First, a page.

One piece of evidence in the record related to this subject is particularly telling. When he experienced difficulties with the VA in his efforts to comply with the reporting requirements of the defendant board's probation orders the plaintiff attempted to arrange for his parole officer at the department of correction to send reports of that department's drug tests to the defendant department of health and addiction services. The parole officer blundered however and sent the report of some other parolee. There is no evidence that the department ever pursued this error at the department of correction; rather in its brief to Court the department offers the incident as evidence of the plaintiff's failure to comply with the probation order. "A third report was submitted by the plaintiff but it was not a report pertaining to the plaintiff." This is simply a mischaracterization of that evidence starting with the fact that the plaintiff did not submit the useless report to the department; the parole officer did. If this incident is evidence of anything it is that the plaintiff was indeed making reasonable efforts to comply with his probation conditions but repeatedly experienced negligence and indifference on the part of the state and federal agencies with which he had to deal.

In view of the lack of substantial evidence in the record the board's determination that the plaintiff violated his probation by failing to provide reports of his drug testing may not be affirmed.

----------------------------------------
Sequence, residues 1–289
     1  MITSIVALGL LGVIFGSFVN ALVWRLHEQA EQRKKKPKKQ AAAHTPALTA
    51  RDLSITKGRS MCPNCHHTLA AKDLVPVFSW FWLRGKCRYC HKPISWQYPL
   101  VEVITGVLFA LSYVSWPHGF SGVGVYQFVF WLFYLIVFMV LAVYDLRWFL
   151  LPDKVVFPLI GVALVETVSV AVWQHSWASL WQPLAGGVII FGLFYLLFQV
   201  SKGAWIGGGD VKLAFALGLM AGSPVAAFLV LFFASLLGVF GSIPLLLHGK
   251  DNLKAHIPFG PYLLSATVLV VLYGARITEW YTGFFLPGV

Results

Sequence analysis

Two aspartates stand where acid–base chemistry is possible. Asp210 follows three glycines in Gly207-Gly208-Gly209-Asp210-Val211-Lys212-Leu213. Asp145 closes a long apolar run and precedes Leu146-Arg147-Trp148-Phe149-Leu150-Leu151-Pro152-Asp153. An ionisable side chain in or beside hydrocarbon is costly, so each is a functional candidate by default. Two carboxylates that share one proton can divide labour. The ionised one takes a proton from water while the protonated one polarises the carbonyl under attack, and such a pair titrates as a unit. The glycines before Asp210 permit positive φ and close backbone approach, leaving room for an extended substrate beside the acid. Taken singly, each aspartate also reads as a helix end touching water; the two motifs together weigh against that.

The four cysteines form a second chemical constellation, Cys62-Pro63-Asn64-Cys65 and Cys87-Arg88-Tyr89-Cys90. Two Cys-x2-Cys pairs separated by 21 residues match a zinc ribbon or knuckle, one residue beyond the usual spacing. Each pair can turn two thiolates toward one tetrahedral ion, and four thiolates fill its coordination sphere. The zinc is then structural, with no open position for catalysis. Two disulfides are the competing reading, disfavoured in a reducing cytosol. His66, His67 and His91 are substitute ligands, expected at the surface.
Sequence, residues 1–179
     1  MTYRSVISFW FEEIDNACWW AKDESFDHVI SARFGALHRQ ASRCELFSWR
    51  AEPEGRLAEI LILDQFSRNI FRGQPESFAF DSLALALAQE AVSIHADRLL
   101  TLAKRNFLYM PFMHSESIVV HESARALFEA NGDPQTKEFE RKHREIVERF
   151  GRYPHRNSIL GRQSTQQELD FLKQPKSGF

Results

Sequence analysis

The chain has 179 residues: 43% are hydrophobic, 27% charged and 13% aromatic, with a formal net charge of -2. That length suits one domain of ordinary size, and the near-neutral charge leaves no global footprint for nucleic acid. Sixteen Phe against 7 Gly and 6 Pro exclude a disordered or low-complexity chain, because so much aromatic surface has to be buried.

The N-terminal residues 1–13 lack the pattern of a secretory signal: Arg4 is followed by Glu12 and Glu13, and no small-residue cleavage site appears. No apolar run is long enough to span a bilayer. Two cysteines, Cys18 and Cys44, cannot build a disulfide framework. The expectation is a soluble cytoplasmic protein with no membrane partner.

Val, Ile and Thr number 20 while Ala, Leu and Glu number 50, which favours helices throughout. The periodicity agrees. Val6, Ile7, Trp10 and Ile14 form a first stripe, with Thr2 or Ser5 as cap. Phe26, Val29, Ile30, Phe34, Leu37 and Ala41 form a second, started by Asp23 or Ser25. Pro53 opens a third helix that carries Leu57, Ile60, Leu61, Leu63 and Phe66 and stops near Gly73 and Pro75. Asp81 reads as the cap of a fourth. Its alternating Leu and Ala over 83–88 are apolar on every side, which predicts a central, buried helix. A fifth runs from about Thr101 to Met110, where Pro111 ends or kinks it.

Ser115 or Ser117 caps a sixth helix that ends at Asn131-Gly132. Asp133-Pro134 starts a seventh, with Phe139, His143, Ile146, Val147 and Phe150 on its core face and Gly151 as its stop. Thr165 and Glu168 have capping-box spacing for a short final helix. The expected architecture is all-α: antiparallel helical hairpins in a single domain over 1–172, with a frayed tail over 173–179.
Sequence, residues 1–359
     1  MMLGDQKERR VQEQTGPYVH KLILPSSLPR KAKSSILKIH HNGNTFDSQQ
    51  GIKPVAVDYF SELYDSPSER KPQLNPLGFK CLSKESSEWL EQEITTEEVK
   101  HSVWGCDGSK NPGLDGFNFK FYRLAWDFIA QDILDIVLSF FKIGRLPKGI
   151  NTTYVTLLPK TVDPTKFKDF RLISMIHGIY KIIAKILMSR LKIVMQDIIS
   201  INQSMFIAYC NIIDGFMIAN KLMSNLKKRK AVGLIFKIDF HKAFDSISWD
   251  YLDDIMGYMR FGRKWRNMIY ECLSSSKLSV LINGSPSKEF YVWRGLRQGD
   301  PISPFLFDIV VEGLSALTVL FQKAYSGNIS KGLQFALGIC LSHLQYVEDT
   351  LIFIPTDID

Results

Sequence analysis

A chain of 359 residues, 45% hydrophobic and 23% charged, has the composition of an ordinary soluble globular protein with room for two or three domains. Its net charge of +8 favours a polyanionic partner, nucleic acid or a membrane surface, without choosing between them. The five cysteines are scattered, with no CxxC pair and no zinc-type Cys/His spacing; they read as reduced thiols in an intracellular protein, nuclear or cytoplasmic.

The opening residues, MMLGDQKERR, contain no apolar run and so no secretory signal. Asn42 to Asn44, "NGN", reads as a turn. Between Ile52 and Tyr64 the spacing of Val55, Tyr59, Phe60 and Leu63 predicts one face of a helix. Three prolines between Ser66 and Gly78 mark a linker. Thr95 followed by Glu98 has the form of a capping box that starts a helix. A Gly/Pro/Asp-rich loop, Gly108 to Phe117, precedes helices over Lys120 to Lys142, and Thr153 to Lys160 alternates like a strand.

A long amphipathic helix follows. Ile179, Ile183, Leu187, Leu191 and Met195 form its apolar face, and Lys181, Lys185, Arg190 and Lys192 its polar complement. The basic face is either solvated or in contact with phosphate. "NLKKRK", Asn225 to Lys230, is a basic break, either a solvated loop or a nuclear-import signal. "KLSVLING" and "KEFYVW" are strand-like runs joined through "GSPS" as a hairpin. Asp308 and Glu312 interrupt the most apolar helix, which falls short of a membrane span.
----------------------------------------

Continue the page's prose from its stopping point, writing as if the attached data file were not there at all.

Monthly Therapy Reports

Most of Court's conclusions regarding the submission of drug test reports from the VA apply equally to the difficulties in obtaining reports from the plaintiff's therapist at the VA. Some reports in the form of letters from his doctors to the department were made as required. All were favorable. There is no evidence that the plaintiff ever failed to make reasonable efforts to obtain the cooperation of the VA; rather the available evidence suggests otherwise. The board's determination on this issue may not be affirmed.

Quarterly Employer Reports

The board found that the plaintiff violated his probation by failing to "take all reasonable steps to ensure that quarterly supervisor reports were submitted to the Board and/or the Department."

The plaintiff worked for a barber in Meriden. The only evidence in the record indicates that this barber/employer has difficulty with the English language to the extent that he employs the services of a translator to write letters for him. Even with this handicap the employer wrote three letters to the department all entirely favorable to the plaintiff dated October 31 1993 March 10 1994 and May 16 1994. In view of this evidence in the record the board's determination that the plaintiff failed to take reasonable steps to provide reports from his employer may not be affirmed.

Drug Addiction